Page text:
Estonian nurses lack the time and energy to communicate with patients, as their workload is too heavy due to a staff shortage, the Estonian Nurses Union announced after a new health care report. "In order to comply with all the international recommendations concerning health care, Estonia needs nearly 4,000 more nurses," the president of the union, Ester Pruuden, said. The president added that increasing the number of nurses would significantly improve Estonia's situation, providing the population with satisfactory health care. But this hinges on improving nurses' working conditions, which includes a worthy and motivating pay, the union said.
Lithuania's health care system is the worst in Europe, a recent European health service index has suggested. The Lithuanian health service index ranked the lowest among 26 countries researched, and was announced by the independent expert organization Health Consumer Powerhouse. The experts examined the efficiency of health systems within the European Union and Switzerland. The explored criteria included accessibility of health services, patient rights, modern medication, and the recovery and death rates of varying diseases. The best index of health services was reported in France, as well as the Netherlands, Germany, Sweden and Switzerland. Countries with the worst health care systems include Ireland, Latvia, Estonia, Spain, Greece and Lithuania.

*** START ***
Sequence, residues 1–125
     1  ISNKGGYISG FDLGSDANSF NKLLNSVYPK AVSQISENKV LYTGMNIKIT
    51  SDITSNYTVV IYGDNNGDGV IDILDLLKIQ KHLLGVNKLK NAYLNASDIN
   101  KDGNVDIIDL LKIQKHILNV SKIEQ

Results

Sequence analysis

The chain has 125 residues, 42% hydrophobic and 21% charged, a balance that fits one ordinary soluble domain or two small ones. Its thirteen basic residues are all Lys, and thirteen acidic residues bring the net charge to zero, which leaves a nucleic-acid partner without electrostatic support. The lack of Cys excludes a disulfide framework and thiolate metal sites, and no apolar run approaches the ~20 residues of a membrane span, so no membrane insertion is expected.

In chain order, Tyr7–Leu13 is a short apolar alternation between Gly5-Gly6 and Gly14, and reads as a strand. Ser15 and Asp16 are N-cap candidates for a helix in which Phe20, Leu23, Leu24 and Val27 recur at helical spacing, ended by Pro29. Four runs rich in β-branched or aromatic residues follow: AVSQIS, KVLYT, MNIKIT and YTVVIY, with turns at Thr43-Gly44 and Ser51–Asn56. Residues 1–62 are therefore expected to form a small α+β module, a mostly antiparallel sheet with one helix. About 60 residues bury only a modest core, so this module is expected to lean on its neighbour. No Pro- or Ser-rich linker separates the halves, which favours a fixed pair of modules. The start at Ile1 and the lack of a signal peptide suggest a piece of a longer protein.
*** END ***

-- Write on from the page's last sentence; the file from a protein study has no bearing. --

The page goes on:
Lithuanian Health Minister Zilvinas Padaiga said the nation's poor health care system was caused by a shortage of funds. Padaiga's comment was in response to the European health services index. The minister acknowledged that the problems highlighted in the report required urgent attention, stressing that insufficient funding for Lithuania's health care system was the cause. "A series of indicators listed in the report depend on money," she said. "For instance, accession of new-generation medications to the market and provision of services are financial aspects."